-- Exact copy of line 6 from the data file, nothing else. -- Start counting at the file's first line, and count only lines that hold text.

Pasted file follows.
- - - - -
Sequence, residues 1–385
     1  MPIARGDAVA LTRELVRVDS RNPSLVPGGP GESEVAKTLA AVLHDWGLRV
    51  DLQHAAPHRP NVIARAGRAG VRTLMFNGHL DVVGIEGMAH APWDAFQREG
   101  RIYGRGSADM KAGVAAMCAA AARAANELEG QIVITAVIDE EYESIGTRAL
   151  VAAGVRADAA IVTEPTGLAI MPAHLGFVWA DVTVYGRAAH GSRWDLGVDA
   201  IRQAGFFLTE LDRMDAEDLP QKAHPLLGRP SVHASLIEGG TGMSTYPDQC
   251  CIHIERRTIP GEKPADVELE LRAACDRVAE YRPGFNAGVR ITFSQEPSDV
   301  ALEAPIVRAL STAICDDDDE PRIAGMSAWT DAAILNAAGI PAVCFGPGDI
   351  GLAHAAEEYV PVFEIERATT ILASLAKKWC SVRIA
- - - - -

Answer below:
   201  IRQAGFFLTE LDRMDAEDLP QKAHPLLGRP SVHASLIEGG TGMSTYPDQC